Then what confused

wonderingsoul Fri 28-Mar-14 15:11:32

if you read it..

the pain is in his arm.. but the doctors would not do anything as long as he had a healthy hand.. hence why he cut his hand off.

hes got to be so desperate to do such a thing. i hope things improve.

Dawndonnaagain Fri 28-Mar-14 15:15:40

There is a condition in which the pain continues because the nerve cannot switch off. Removing the limb/or whatever part is in pain does nothing. I'm damn sure this would have been explained to him.

dogscatsandbabies Fri 28-Mar-14 15:30:46

His brain interprets the nerve signals it receives as pain in his arm. HIS ARM IS NOT CAUSING THE PAIN; it is a nerve malfunction in his spinal cord which is sending the wrong message to his brain- the article states the accident damaged his neck. Removing healthy tissue (muscle, bone, tendon etc etc) in his arm will not resolve the problem.

SaucyJack Fri 28-Mar-14 15:36:36

A piece of plastic became embedded in his arm, damaging nerves and condemning him to a lifetime of pain.

Nomama Fri 28-Mar-14 15:36:44

Neuropathic pain would mean that he could chop his entire body off, he would still feel the pain, iyswim.

It is real damage that causes 'phantom pains', sometimes totally unrelated to the original injury. The spinal block he wants implanted may also be useless to him.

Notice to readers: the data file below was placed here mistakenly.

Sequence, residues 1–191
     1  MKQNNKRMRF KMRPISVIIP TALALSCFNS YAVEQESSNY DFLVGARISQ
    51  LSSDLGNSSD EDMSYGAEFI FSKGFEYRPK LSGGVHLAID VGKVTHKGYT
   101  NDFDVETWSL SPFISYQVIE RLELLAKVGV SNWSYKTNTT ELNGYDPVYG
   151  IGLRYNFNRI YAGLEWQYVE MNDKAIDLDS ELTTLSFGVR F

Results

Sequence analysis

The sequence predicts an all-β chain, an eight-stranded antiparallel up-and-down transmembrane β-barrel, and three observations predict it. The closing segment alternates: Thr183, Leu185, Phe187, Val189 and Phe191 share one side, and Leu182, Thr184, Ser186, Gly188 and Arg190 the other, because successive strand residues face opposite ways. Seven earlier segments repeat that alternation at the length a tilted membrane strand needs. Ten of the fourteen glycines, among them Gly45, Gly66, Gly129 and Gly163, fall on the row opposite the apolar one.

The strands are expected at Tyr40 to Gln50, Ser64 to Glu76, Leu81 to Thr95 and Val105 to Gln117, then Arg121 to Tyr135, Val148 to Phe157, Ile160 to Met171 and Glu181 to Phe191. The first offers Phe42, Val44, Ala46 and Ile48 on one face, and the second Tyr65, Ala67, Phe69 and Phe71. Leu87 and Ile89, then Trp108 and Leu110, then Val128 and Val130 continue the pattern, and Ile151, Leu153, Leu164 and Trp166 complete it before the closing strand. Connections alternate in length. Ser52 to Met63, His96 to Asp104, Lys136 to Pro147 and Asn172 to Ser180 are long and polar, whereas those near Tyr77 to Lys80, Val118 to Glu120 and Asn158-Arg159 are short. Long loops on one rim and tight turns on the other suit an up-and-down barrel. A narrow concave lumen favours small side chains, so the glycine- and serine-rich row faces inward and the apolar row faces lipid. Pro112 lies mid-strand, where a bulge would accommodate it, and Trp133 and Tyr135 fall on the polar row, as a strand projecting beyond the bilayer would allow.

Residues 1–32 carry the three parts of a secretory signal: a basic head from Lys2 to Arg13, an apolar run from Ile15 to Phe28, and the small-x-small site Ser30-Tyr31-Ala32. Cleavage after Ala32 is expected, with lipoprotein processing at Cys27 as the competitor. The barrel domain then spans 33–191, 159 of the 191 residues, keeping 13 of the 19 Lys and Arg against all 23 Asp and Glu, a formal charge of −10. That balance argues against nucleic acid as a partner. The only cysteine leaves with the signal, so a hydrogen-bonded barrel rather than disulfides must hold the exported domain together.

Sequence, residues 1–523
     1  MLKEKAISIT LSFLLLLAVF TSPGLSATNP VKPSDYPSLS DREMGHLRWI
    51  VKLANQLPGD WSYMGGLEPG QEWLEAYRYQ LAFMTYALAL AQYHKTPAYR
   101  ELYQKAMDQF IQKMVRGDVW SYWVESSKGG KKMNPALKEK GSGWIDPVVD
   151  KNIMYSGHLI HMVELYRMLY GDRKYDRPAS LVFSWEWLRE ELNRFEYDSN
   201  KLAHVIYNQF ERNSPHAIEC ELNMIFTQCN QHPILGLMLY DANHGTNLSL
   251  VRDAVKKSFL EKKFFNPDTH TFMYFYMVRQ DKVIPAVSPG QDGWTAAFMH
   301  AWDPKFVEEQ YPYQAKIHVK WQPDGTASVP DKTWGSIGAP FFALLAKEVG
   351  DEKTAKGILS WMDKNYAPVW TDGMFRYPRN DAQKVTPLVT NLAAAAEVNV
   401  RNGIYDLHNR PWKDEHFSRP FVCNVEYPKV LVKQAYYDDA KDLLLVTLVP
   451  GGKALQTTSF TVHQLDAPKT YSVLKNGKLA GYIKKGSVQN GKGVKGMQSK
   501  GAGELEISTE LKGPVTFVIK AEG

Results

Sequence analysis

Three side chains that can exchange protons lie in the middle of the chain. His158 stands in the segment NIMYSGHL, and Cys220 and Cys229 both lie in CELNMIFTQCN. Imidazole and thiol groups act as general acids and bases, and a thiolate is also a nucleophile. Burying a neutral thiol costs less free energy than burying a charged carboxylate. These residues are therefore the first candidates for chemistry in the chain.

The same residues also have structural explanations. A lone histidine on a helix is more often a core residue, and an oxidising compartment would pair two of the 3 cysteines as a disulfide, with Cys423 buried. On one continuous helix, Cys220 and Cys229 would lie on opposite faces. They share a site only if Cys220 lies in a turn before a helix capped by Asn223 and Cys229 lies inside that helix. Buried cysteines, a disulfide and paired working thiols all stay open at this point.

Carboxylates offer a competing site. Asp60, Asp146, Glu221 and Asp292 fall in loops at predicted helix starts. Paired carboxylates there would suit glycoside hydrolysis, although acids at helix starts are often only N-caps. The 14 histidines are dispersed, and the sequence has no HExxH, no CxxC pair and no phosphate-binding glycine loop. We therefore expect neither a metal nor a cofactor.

I titrated a few tricyclic antidepressant for my neuropathy, many years ago. But the dose that took the pain away also took me away, so I stopped and put up with the pain, still do.

Sadly for him things will not improve, or at least not go away, he cannot necessarily be cured, though he may yet find a medication combination that will suit him.

dogscatsandbabies Fri 28-Mar-14 15:39:54

My bad, missed that bit of the article. Sorry.

Although the point still stands, the nerves are sending the wrong messages to the brain so removal even of damaged nerve tissue is unlikely to make any difference, especially after all this time.

MoominsYonisAreScary Fri 28-Mar-14 15:41:58

It says he wants a spinal stimulator implanted into his back to help with the pain. I wonder why they havent done this already if it would help

Nomama Fri 28-Mar-14 15:44:33

SaucyJack - the nerve endings that originally received the pain impulse may be the cause of the pain. They continue to misfire, indicating pain that does not exist. So the site of the damage may be fully repaired or even amputated and the pain would continue.

It can be really hard to find the right treatment. It took me about 8 years to give up on medications that, for me, were worse than the pain itself. I still keep a supply of old fashioned benzo's for when mine becomes insufferable. A dollop of that and a sleeper and I go out like a light. But it doesn't stop the pain.

MiscellaneousAssortment Fri 28-Mar-14 15:57:16

Pain management is incredibly poor on the NHS. Massively underfunded and under researched. Attitudes remain old fashioned and dismissive.

It's something we should be ashamed of, but it's easier and cheaper to blame the patients and abandon them.

I think the NHS has some amazing strengths about it, but pain management is definitely not one.

angelos02 Fri 28-Mar-14 16:04:17

Didn't Ranulph Fiennes cut his fingers off as doctors wouldn't and he was in so much pain. I don't recall him getting slated.

Nomama Fri 28-Mar-14 16:12:44

No Ranulph Fiennes cut off the blackened tips of his fingers after they got badly frostbitten. He did it because he was bored with the condition in both feet and hands. He also tells the story of when the skin graft on his foot floated to the surface of the bath - he fished it out and carried on with his bath.